May 5 : International Day of the Midwife

Year of the Nurse and the Midwife 2020
Photo with courtesy - WHO

May 5 marks the International Day of the Midwife. Amidst the COVID-19 pandemic, midwives continue to show resilience and provide life-saving services to pregnant women, ensuring healthy outcomes for women and their babies.

The theme for “International Day of the Midwife 2020” is ‘Midwives with women: celebrate, demonstrate, mobilize, unite – our time is NOW!’

Year of the Nurse and the Midwife 2020

Photo with courtesy – WHO

Nursing and midwifery : Key facts

Nurses and midwives play a vital role in providing health services. These are the people who devote their lives to caring for mothers and children; giving lifesaving immunizations and health advice; looking after older people and generally meeting everyday essential health needs. They are often, the first and only point of care in their communities. The world needs 9 million more nurses and midwives if it is to achieve universal health coverage by 2030.

As part of strong multi-disciplinary health care teams, nurses and midwives make a significant contribution to delivering on the commitments made in the 2018 Astana Declaration on Primary Health Care, ensuring patient-centred care close to the community.

Nurses and midwives account for nearly 50% of the global health workforce.

There is a global shortage of health workers, in particular nurses and midwives, who represent more than 50% of the current shortage in health workers.

The largest needs-based shortages of nurses and midwives are in South East Asia and Africa.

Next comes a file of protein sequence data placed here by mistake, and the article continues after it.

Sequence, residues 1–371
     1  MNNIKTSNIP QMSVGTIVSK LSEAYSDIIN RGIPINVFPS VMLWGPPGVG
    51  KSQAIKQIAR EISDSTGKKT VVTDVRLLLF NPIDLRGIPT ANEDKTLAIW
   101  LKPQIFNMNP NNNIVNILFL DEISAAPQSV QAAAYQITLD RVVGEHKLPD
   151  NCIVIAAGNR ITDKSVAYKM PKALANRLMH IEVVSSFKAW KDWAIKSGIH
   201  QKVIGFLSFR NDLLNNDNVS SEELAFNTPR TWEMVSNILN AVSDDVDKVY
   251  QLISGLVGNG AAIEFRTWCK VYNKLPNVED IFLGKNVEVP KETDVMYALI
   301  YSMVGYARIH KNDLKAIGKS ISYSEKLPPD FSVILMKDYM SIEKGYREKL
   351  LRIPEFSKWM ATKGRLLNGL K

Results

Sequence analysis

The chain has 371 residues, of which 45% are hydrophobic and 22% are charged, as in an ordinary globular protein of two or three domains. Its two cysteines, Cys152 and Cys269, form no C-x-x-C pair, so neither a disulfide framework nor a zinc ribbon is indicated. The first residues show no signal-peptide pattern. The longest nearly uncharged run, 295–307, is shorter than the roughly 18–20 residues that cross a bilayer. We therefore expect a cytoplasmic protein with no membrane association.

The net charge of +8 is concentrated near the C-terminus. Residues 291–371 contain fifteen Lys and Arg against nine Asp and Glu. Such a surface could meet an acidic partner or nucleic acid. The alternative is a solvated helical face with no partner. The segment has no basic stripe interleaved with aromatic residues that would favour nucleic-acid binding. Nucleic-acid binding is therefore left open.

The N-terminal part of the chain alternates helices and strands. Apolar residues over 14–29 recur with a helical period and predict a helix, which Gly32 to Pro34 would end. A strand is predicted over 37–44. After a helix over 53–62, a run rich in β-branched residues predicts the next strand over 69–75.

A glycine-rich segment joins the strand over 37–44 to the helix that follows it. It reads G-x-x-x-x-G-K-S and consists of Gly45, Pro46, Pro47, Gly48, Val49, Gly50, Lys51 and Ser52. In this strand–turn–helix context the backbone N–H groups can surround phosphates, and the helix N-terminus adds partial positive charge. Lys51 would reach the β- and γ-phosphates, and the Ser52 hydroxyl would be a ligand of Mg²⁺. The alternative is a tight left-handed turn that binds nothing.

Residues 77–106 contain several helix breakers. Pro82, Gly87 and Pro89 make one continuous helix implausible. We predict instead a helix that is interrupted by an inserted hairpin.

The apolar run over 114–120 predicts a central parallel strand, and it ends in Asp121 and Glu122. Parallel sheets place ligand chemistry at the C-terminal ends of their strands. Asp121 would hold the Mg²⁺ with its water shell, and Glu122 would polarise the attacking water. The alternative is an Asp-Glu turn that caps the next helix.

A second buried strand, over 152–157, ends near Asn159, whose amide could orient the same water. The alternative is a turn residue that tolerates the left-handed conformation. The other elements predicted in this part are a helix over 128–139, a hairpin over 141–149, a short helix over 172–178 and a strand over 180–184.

For all countries to reach Sustainable Development Goal 3 on health and well-being, WHO estimates that the world will need an additional 9 million nurses and midwives by the year 2030.

Nurses play a critical role in health promotion, disease prevention and delivering primary and community care. They provide care in emergency settings and will be key to the achievement of universal health coverage.

Achieving health for all will depend on there being sufficient numbers of well-trained and educated, regulated and well supported nurses and midwives, who receive pay and recognition commensurate with the services and quality of care that they provide.

Investing in nurses and midwives is good value for money. The report of the UN High Level Commission on Health Employment and Economic Growth concluded that investments in education and job creation in the health and social sectors result in a triple return of improved health outcomes, global health security, and inclusive economic growth.

Globally, 70% of the health and social workforce are women compared to 41% in all employment sectors. Nursing and midwifery occupations represent a significant share of the female workforce.

(Source – WHO)

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